Sunday, October 31, 2010
Tuesday, October 26, 2010
This innocent, even sweet, teaset is what's held up my drawing and posting for several weeks now. The university where I work is turning 100 years old, and we are partying like it's 1999. One of the many events is the creation of a mural mosaic depicting 100 years of our history. A mural mosaic is a large painting that is made up of many individual paintings. In our case, there are 180 small paintings that create the larger painting. The mural is designed by a professional artist, and many of the flagship portraits are done by professional artists, but they wanted most of the panels done by members of the university community - including amateurs. I have panel #112, and my reference photo was of this little tea set. It was painted by a student in the China Painting section of the Fine Arts Faculty in 1931. Her son has recently donated the set to our Archives. This is my draft sketch done with watercolor pencils. The curves of the plate gave me no end of trouble, as did the lack of tonal variation in the photo. I'm sure I'll have to do several more sketches before I'm comfortable with it. My panel needs to be primarily blue to fit in with the overall picture, and needs to be done in oils or acrylics. That's the next challenge - learning to use acrylics. Gulp! This could be either the dumbest thing I've ever attempted or the most fun thing. But I really am thrilled to be involved in this kind of project.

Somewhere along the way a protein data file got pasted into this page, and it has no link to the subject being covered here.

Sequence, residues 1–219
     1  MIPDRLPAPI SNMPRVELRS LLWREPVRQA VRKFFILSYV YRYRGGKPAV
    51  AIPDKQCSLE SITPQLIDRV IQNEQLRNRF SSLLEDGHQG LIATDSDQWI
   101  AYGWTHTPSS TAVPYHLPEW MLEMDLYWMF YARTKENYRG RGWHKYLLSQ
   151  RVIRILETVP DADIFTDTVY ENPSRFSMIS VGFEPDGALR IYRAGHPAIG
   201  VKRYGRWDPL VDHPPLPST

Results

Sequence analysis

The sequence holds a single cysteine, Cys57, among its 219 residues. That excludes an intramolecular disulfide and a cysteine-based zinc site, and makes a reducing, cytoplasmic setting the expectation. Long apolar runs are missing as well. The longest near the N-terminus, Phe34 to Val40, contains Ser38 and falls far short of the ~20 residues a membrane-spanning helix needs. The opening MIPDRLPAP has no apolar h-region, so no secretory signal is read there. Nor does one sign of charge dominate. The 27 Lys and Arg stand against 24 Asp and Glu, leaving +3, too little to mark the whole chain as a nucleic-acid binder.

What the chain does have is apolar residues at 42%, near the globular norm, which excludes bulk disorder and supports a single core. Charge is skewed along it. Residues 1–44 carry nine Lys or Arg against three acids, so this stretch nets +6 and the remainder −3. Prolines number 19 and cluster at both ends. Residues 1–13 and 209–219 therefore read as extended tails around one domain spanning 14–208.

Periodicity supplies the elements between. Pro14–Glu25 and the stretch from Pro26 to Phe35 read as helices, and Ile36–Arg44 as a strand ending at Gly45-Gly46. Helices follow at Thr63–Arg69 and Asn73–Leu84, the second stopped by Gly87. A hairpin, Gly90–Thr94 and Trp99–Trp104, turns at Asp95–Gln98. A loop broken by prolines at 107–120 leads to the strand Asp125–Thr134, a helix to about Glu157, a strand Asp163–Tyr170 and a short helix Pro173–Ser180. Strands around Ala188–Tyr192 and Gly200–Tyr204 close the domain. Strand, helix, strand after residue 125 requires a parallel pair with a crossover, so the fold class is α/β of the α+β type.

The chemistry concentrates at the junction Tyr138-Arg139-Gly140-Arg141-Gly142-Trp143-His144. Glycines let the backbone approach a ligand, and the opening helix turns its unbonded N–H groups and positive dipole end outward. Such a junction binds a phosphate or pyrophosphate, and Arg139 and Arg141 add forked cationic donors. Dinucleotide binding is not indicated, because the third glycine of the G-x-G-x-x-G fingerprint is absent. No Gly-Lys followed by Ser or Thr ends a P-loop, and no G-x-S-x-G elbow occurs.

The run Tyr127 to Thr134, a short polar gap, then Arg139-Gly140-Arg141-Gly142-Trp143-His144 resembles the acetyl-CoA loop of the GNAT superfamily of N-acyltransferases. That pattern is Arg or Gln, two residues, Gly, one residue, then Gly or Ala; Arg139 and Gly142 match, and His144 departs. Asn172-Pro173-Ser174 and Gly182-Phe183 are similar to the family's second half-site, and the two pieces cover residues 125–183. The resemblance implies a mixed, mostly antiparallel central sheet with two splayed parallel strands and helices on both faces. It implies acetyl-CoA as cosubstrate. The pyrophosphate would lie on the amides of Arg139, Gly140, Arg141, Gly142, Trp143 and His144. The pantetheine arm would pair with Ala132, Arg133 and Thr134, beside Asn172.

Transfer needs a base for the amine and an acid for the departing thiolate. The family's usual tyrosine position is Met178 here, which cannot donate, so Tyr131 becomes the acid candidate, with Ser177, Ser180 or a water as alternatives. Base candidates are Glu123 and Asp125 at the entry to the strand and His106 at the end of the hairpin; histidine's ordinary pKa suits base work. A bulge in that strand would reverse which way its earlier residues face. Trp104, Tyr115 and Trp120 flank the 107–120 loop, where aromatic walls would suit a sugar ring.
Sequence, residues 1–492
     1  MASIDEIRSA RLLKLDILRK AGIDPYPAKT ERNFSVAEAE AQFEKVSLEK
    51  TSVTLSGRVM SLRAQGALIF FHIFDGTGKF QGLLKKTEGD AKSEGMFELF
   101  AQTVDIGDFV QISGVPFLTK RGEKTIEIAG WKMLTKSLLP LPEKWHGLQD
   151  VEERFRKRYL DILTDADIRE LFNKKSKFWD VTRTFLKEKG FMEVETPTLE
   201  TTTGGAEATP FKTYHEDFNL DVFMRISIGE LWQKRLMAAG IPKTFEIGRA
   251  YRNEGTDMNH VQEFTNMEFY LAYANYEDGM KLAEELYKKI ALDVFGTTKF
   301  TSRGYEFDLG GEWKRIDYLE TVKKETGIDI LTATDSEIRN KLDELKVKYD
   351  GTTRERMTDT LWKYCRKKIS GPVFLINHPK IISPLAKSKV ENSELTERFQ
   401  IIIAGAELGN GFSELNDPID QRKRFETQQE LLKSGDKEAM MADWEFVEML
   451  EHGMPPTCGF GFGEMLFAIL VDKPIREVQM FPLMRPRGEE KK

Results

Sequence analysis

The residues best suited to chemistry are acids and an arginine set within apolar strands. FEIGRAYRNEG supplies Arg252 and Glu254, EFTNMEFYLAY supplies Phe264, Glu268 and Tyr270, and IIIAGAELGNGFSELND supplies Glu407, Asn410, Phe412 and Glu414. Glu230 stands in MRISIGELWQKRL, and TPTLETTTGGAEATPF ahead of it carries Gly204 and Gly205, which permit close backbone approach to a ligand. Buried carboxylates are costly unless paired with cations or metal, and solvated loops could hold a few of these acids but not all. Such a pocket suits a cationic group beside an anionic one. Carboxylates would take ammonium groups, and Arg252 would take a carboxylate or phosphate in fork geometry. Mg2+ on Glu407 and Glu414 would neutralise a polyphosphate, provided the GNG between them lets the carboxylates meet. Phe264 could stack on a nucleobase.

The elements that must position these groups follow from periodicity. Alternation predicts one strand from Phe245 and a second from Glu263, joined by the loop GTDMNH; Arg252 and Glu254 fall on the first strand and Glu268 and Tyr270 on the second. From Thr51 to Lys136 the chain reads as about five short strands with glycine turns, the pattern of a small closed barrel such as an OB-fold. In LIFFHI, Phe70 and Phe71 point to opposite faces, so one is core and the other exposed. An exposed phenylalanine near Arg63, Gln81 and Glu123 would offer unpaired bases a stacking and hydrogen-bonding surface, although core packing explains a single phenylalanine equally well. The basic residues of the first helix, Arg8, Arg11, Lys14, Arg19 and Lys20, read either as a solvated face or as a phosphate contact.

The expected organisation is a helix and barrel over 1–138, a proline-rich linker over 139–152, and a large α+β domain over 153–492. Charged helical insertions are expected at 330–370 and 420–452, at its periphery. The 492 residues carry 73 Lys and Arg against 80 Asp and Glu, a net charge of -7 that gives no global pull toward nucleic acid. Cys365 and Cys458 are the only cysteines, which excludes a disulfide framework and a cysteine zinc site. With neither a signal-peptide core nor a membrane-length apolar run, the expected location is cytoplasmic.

You can check out mural mosaics here http://www.muralmosaic.com/
They really are quite amazing.
Sunday, October 17, 2010
This is left over toast from breakfast. I'm telling you that because, as I look at it now, it doesn't look like toast. I'm not happy with the way it turned out. I've gotten out of the habit of daily drawing due to a steep learning curve in my new duties at work, and it shows.
I make my own bread, this loaf was shaped by hand which accounts for the odd shape. They say the test of good bread is how it tastes when it is toasted. And this toast tastes very good. But clearly, there is no substitute for daily drawing practice. Time to make time to draw.